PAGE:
A Message from Irene Fountas and Gay Su Pinnell:
We have long advocated for collaboration over polarization, rationales over labels, observation over rigidity and what we, as educators, need to continue to assure equitable literacy instruction for all children. In support of teachers, school leaders and children, this 10-post blog series offers clarity around mischaracterizations of our work. Throughout the series, we will address these misconceptions in order to set the record straight and offer a space for the education community to hear directly from us. Continue to join us here, on the Fountas & Pinnell Literacy™ blog, as together we navigate to a place of clarity.
Question 8: What do you mean by “responsive teaching” and why is it important?
Responsive teaching is not a program—it's an adjective. We think that an effective design for literacy instruction must be cohesive, comprehensive, coordinated, and responsive. This has been turned into a label that is widely misinterpreted. We use the term “responsive teaching” as teaching that is based on the understanding that all children are unique, and that the instruction should be adjusted to address their strengths and needs. The teacher goes to meet the child and brings the instruction to the child instead of expecting the child to conform to a single path of learning. No one-size-fits-all script is sufficient. So, responsive teaching is a view of teaching reading as a process. The teacher observes, gathers data, looks for patterns in the reading, writing, and language behaviors, records these, and identifies priorities for teaching that build on students' strengths with instruction that expands to the student's existing reading and writing competencies.
Responsive teaching meets students where they are and takes them where they need to go next in their learning. It's a highly complex process. It's a constant cycle that takes place across multiple instructional contexts. The teacher would notice the language children use during oral discussion of books that they hear read aloud, what they write in their reader's notebook about books they've read, what they write in the writing process, what they write in response to reading in guided reading, read aloud, and their own choice books. So, the teacher is always gathering data across five contexts for teaching reading and five contexts for teaching writing, as well as a daily direct, explicit, and systematic teaching of phonics, phonemic awareness, and vocabulary and spelling.
So, you're really looking across the language arts with the best knowledge of how readers and writers and spellers develop over time. Just to be very clear, responsive teaching is not a label and it is not a relabeling of anything called “balanced literacy” or even “whole language approach” to literacy learning. We have always advocated for a child-centered, responsive approach to literacy learning, not a program-centered approach. A child-centered approach. One that focuses on observation and assessment rather than holding to a script is much more than a label. This approach, focusing on the child, enables teachers to be constructive, inquiry based, language based, and to engage each child's strength and curiosity.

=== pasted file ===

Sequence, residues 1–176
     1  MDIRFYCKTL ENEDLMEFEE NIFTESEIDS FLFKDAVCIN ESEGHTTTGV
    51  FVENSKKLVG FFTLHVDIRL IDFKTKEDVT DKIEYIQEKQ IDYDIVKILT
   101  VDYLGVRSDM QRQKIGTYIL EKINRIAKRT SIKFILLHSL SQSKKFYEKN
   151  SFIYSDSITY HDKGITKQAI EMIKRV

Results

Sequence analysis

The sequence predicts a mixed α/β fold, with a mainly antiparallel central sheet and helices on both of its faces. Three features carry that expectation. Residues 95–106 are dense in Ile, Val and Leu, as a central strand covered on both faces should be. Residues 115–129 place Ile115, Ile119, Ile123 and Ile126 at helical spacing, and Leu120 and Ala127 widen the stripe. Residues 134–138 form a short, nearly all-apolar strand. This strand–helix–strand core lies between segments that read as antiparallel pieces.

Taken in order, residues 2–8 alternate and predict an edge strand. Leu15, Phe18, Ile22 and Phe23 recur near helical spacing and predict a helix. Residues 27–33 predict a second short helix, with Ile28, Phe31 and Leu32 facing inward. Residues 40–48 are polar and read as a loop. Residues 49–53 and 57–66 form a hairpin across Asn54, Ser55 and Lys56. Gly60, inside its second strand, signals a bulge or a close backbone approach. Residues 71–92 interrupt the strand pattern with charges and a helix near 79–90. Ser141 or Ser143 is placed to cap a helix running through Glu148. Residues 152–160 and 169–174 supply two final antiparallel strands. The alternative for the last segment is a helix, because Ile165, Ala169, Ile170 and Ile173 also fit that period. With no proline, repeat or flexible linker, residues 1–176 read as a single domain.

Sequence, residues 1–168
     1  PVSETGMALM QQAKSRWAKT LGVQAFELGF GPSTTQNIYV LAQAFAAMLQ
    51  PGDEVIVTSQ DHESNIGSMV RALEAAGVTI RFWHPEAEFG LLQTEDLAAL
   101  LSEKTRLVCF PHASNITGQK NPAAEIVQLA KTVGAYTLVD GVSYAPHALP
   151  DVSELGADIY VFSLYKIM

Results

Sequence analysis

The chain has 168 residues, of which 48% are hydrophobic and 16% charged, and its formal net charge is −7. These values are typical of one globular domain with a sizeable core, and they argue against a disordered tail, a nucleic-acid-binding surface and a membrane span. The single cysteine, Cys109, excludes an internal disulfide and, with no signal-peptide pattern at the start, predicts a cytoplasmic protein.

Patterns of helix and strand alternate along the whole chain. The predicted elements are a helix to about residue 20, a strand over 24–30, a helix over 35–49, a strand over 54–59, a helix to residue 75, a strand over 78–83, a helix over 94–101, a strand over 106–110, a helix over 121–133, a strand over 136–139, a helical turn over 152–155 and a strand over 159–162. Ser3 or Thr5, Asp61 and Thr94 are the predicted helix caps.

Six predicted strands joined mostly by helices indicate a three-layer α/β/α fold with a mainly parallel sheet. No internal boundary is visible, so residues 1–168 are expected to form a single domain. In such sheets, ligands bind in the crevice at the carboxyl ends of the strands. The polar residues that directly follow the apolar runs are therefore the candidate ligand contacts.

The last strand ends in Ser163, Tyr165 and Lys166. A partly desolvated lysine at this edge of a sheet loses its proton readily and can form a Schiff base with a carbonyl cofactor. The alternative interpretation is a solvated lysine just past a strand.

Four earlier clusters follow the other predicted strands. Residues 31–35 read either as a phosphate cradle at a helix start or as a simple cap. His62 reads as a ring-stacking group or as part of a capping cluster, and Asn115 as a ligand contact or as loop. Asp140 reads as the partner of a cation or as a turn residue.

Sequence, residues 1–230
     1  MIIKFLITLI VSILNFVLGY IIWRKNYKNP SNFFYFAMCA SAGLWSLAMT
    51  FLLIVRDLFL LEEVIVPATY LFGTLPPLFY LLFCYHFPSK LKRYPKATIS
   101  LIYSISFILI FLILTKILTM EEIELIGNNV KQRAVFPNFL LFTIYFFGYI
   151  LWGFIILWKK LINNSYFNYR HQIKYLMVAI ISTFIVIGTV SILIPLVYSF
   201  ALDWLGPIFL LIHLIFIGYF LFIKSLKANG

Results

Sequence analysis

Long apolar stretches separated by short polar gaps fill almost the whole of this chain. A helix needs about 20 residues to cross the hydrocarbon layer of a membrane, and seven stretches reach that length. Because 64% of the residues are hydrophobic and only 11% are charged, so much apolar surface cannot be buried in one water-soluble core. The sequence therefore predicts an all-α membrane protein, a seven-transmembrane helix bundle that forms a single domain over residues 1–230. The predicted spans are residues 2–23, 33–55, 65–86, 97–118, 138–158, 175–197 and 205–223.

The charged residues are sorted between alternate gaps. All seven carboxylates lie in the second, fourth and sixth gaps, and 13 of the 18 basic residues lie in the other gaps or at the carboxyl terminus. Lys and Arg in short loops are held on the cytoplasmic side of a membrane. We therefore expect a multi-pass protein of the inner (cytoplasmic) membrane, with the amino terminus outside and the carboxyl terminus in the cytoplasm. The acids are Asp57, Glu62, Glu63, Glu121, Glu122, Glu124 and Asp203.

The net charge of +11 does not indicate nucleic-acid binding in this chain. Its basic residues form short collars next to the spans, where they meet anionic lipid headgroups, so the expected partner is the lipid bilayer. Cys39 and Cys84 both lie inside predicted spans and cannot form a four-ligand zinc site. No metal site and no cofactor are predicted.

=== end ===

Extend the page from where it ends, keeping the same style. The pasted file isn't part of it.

With responsive teaching, educators can respond to and meet children where they are in their learning — to teach the child, not the program, not the book. In this way, teaching reading is a science, a science of observation, decision-making, and knowledge. And this is what we call responsive teaching.
This blog is part of the Just To Clarify FAQ audio blog series. Click below to navigate to other blogs:
Q1: Why have you chosen not to participate in the latest debate about how to teach children how to read and what advice do you have for teachers?
Q2: Can you clarify what MSV is and why you believe it is important?
Q3: Some have suggested that you support the use of guessing. Can you comment on this?
Q4: How does guided reading and the use of leveled texts advance the literacy learning of children and what role does guided reading play within a comprehensive literacy system?
Q5: In your view of early literacy development, what is the role of decodable texts?
Q6: Could you speak to the role of phonics and teaching children to read, and clarify your approach to phonics instruction?
Q7: Some people have referred to your work as “balanced literacy” or “whole language.” Do these labels accurately describe your work?
Q8: What do you mean by “responsive teaching” and why is it important?
Q9: Elevating teacher expertise has always been a hallmark of your work. What has led you to advocate so strongly that teachers are the single most important factor in a child's learning achievement?
Q10: Much has been said about the role of teachers in teaching children how to read, but what role do school administrators, coaches, and other teacher leaders play?